They need really someone overlooking the creative direction of the brand, I think, someone with real taste who can lend coherence, depth, and that element of surprise that I expect from Guerlain.

    Sigh. At least Chanel still tries hard.

  10. Hmm, somehow I like this better than the paper campaign, but I still find it highly out of place with the fragrance. And Natalia overall still looks very much like little girl to me. But with the recent ad-copies for Elixir Carnels, what else do we expect?

  11. Pavlova,

    how nice of you to say so! You made my day, thank you so much :-)
    (I am sure Kristy the designer is smiling also!)

  12. Dain,

    indeed some coherence should be present, how true: you can't have soft-core ad copy on the one hand and Napoleonic bees with crests on the other, it's just not matching, you know?

    The Chanel commercials are works of art! (from JP Goude to Luc Besson to Ridley Scott). I have dedicated a serious part of Perfume Shrine to advertising and to Chanel advertising specifically (search tag "advertising" or "commercial")

  13. Jen,

    the commercial is more playful, more "in motion" than the print ad, but I have to agree that Natalia is very Lolitesque to really embody something as calculating seductive or as romantically sensual as Shalimar. Perhaps with a different concept it might have been more imaginative. And yes, that Elixirs Charnels ad copy...phew, let's hope they don't start advertising everything in that manner!

  14. With all due respect perfumeshrine, anon 's comment is ridiculous and immature! I was a teen in the '80s and in Paris half of the girls in High School were wearing Shalimar. This was not 200 years ago OK! Why would something extremely common twenty years ago be "ridiculous" today? Give me a break, this is 2008 not 3500! We still have AIDS and we 're still unable to establish a quantum theory of gravity!

  15. Emmanuella,

    relax: I wasn't agreeing with the morality of the Anon comment, but with the reality of it: young women right NOW are not very likely to pick Shalimar as their scent of choice;it's so different from everything their peers wear...
    Then again maybe the word "ridiculous" is rather loaded, true!Maybe the Anon reader meant it in relation to the concept of the commercial being directed at the very young women who are identifying with Vodianova? Don't know, only Anon knows what he/she just thinking out loud.

    As a teen I also wore mega-busters (Opium for instance and stealing drops of Mitsouko and Poisonfrom mum). But then, everyone wore loud and mature fragrances, no matter their age: it was le dernier cri if you know what I mean ;-)

  16. Adding into the age discussion, I'm 25, Natalia happens to be born the same year I was. I happen to wear some very womanly scents because I am a woman (Must de Cartier, Madame X, etc). I also knew a young woman who was in high school two years ago who wore Shalimar. While I know I am the exception in most cases with the fragrances I wear and the young woman was also, the fact is Shalimar can still be appreciated by the young. I still hold by Natalia looking way too young to me but then again she looks like she is 12 to me, where as Shalimar has an older more exotic sensuality to me. The advertising is supposed to in my opinion evoke the quality of the fragrance, Natalia does not. But if I smelled the fragrance on Natalia in real life because it was her fragrance of choice, I wouldn't think "that doesn't fit her." I would imagine my reaction would be "Good for her." The beauty of fragrance is it allows us to show our many sides that otherwise might not be seen just based on our appearance, rather it evokes our psyche's personality.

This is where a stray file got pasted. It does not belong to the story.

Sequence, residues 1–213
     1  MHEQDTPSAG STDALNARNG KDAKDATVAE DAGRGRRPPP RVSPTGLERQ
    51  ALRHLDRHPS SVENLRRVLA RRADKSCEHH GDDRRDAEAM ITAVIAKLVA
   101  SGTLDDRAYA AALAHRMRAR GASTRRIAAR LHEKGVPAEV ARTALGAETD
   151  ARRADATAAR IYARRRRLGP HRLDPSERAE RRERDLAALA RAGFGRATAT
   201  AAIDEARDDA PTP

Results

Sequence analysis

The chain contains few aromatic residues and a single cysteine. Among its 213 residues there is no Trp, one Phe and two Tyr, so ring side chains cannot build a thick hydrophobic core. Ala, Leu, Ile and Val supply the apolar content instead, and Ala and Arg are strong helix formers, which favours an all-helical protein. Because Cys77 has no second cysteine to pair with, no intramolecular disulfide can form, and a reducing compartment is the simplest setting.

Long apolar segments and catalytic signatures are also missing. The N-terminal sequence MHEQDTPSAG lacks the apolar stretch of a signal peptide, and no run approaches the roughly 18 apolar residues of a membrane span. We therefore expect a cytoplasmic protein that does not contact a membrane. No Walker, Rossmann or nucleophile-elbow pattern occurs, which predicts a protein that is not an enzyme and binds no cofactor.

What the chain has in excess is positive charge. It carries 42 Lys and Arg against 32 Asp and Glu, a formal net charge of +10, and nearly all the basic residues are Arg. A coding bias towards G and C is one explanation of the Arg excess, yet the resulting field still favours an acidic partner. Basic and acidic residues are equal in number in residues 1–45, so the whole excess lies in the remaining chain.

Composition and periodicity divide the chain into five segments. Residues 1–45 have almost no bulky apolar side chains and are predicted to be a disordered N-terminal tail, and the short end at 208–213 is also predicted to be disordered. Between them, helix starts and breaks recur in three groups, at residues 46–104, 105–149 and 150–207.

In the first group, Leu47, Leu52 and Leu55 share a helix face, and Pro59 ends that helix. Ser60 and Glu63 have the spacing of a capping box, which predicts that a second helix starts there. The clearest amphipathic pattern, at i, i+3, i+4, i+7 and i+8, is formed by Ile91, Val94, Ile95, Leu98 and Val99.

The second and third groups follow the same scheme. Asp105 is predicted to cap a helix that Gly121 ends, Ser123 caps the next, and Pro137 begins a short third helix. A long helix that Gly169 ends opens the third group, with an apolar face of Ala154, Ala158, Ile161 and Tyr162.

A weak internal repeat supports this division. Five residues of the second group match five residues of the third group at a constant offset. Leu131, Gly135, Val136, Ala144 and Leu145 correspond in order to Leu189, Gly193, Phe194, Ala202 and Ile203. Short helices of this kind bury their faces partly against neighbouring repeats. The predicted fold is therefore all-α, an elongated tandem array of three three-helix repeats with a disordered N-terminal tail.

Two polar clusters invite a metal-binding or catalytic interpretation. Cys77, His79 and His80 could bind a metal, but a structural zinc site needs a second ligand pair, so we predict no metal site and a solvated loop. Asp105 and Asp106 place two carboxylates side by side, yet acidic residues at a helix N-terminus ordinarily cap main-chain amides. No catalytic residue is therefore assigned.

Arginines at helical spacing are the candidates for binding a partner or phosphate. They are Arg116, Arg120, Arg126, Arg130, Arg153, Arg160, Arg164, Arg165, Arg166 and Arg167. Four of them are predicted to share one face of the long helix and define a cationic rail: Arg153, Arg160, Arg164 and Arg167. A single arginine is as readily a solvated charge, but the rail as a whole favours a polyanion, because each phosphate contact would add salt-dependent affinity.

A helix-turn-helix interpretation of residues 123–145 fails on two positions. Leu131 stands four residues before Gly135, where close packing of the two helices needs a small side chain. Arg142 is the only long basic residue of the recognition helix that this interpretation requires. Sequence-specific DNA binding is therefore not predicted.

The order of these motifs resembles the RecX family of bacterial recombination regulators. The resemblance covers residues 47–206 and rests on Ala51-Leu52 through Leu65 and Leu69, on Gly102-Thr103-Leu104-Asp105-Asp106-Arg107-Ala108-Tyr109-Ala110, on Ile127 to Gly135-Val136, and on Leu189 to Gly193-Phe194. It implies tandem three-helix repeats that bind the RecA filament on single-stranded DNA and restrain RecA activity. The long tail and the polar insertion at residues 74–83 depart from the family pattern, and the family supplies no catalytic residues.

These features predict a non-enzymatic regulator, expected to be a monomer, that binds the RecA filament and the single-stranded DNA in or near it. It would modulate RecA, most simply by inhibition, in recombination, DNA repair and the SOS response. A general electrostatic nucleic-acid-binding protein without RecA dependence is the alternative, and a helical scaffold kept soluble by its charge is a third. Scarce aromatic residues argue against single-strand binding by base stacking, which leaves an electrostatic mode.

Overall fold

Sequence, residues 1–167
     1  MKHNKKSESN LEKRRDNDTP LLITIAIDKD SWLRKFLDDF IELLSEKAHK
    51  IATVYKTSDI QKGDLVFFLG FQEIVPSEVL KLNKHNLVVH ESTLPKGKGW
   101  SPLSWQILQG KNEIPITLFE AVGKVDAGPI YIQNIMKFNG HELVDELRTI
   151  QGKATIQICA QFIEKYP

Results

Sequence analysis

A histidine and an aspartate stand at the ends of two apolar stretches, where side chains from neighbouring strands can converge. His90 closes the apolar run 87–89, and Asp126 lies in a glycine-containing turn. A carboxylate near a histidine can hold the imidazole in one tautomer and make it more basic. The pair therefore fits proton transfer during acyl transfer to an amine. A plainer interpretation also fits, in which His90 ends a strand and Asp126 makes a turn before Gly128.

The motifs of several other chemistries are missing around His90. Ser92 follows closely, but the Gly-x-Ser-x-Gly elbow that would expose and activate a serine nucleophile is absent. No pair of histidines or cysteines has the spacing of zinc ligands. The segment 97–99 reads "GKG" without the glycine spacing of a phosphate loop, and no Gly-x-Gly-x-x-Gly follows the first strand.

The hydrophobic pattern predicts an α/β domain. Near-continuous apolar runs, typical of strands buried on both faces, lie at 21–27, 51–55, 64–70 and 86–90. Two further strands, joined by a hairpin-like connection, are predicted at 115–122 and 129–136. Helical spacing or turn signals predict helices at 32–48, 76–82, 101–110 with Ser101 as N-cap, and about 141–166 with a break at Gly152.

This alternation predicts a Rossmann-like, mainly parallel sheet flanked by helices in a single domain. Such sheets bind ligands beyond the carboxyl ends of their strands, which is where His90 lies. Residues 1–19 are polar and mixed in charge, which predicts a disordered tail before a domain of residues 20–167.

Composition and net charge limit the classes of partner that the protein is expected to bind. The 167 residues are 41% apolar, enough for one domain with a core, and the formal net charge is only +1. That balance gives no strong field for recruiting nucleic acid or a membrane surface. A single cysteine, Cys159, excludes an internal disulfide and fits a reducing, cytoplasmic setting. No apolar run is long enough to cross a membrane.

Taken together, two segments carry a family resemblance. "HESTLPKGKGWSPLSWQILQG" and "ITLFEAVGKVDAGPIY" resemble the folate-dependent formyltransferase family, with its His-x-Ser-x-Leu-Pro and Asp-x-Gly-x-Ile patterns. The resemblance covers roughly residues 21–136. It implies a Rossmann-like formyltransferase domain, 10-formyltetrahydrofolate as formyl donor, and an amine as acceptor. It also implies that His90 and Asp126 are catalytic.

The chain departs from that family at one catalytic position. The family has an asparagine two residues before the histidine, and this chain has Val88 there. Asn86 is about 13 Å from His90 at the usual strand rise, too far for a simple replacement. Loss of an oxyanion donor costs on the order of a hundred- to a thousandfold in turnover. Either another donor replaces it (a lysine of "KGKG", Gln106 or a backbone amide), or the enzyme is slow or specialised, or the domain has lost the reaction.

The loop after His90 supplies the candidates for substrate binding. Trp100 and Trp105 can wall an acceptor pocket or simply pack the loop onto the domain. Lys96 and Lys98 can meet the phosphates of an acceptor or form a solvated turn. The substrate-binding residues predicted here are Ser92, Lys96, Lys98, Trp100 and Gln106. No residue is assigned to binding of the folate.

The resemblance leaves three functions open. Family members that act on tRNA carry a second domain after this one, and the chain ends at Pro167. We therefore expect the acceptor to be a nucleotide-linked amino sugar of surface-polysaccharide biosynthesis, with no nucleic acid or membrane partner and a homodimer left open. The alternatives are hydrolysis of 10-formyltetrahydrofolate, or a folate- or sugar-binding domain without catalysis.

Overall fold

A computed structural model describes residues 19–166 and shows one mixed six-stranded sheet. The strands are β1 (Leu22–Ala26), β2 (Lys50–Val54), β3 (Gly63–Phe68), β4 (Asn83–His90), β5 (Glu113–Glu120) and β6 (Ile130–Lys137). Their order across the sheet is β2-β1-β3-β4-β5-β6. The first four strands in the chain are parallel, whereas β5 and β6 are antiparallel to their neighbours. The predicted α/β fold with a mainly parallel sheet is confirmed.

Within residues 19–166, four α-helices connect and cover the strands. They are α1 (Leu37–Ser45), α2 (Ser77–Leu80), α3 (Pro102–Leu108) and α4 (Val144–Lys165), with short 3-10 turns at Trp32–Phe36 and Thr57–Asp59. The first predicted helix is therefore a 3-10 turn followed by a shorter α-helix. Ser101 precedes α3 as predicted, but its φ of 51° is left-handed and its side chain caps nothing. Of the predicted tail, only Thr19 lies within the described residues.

17. perfumeshrine, this was directed to anon 's comment and his/her rather conformist mentality of the trend sucking idiots. I doubt anon was making a feminist statement on young models in the media (we all know how poorly progressive and rebellious people from the perfume community are). The impact of age discrimination on older women is alreadly so unbearable but obviously young women experience age discrimination too. Why would Shalimar be too mature for an expecting 17 yr old? And why is it one of the 10 best perfumes in the world? Thanks goodness Luca Turin is a biophysicist and not some sexist trendsetter who discriminates on age grounds!

  18. Thank you, Helg, I will now scrap around your site, marveling as usual, at your encyclopaedic knowledge of all things perfume. Advertising is so important when it comes to perfume, as so much of our reaction is based on the image it projects, sometimes I think moreso than the actual smell. Fortunately, you've collected quite a range of diverse advertisements for us lesser lights to educate ourselves. ; )